Teresa Kok, a lawmaker from the Chinese-Malaysian Democratic Action Party, acknowledged that the opposition coalition has to agree who will run against governing party MP’s in the next election and avoid splitting the opposition vote. 'Mahathir’s party is trying to negotiate seats with PAS, so we need to see how that goes,' she said. PAS, the Malay acronym for the country’s Islamist party, has usually competed UMNO for Muslim Malay votes. Getting their agreement on election strategy might not be easy, given a breakdown in relations between PAS and the DAP in 2015.
'Let us oust aside our differences, this is the time for us to be united,' Muhyiddin thundered, in what was the keynote speech at the 19 November demonstration.
The Bersih rally in 2015 was made up mostly of Chinese-Malaysians, a powerful minority making up almost a quarter of Malaysia’s 30 million people. This time around, perhaps stirred by the presence of Mahathir and Yassin, Malays were more visible among the yellow-clad throng, but enough to worry Najib, who dismissed the protest as a stunt mounted by an opposition unable to win an election?
Ei Sun Oh, a former Najib aide now working at Nanyang Technological University in Singapore, said that 'the rally could galvanize those who are already converted to the opposition, and perhaps turn a few fence-sitters' hearts, but the rural majority are still solidly behind UMNO.' But the prime minister, who contends that Malaysians are 'fed up' of the Bersih protests, must be worried, not just by Mahathir’s incessant sniping. The US Department of Justice is trying to recover assets said to be bought with 1MDB money, all but naming Najib in its suit as 'Malaysian Official 1'.
And on the eve of the rally, Bersih chair Maria Chin Abdullah was arrested, later held in solitary confinement and charged under an anti-terrorism law for attempting to undermine democracy. Also held were leaders of a rival pro-Najib protest, amid fears of street clashes between the two sides. But the dragnet of anti-government voices is nothing new, with opposition leader Anwar Ibrahim jailed on sodomy charges last year, a use of a colonial-era law for what the opposition maintains are political purposes.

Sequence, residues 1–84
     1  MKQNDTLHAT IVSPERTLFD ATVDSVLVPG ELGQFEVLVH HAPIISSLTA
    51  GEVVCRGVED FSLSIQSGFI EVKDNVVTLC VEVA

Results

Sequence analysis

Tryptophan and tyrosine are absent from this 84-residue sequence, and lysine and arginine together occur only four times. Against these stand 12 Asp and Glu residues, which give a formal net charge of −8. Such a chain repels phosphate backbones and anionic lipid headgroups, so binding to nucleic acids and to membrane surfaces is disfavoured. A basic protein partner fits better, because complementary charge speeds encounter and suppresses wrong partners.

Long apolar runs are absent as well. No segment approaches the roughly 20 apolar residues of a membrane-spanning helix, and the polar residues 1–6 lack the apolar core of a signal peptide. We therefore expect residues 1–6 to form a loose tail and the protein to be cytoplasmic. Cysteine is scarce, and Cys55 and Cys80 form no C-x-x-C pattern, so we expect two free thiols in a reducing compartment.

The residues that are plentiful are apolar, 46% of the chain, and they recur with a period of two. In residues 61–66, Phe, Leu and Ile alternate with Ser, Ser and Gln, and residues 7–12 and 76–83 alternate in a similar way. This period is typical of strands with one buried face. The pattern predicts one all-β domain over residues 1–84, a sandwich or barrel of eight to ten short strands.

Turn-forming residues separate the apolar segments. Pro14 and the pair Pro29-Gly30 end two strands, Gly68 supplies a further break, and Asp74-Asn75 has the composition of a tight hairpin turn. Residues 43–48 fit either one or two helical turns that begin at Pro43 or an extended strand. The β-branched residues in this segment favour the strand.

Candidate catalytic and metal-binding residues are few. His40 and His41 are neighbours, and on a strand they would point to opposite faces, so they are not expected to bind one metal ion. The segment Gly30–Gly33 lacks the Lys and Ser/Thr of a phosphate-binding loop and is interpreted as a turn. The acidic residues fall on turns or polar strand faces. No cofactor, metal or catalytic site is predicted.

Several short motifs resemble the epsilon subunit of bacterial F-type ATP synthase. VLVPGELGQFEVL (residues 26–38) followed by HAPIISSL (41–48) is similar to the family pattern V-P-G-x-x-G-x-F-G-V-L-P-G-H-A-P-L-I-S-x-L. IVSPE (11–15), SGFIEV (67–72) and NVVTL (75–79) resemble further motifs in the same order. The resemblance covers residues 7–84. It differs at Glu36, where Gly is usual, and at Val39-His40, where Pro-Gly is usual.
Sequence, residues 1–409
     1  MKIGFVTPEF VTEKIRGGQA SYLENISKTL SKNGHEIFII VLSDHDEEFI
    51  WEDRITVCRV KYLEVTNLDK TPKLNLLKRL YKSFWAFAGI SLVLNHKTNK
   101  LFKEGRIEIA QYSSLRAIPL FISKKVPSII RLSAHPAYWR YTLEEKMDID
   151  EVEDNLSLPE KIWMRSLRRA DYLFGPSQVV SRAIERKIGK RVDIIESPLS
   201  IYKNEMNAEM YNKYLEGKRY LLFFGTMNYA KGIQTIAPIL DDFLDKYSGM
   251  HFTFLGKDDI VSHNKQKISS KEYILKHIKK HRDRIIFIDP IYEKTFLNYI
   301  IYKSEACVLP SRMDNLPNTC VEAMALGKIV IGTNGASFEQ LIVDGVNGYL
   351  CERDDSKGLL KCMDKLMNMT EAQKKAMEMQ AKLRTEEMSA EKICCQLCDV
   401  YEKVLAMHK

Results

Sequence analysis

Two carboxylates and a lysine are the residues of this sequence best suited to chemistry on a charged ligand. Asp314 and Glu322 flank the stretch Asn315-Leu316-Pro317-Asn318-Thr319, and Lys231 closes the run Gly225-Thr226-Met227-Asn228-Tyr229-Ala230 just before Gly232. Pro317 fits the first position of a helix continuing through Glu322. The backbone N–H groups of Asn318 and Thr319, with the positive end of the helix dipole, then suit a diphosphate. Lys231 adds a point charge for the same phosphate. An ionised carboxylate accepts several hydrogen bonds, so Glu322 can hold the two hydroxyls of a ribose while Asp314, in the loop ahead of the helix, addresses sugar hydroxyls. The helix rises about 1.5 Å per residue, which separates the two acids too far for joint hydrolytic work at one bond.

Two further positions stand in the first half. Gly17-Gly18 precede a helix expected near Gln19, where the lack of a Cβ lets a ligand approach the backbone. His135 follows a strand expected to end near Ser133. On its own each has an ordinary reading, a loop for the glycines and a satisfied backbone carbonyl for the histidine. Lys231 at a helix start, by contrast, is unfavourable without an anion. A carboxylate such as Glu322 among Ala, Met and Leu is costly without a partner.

'They use institutions like police to oppress us, we saw that yesterday, but we are here anyway,' said Haris Rashid, a supporter of Anwar's People’s Justice Party, speaking during the 19 November rally close to one of the many roadblocks set up by police around Kuala Lumpur.
Chin Abdullah's detention has sparked follow up protests and legal challenges calling for her release. Charles Santiago, an opposition MP, described the crackdown as 'a victory' for the opposition. 'A few days ago people were not showing so much interest [in the protest] but with the intimidation from the government side that changed in the last couple of days,' he said.
Photo: Wan Azizah Wan Ismail, wife of Malaysia’s jailed opposition figurehead Anwar Ibrahim, speaks to protestors in Kuala Lumpur on 19 November 2016. Photo by the author.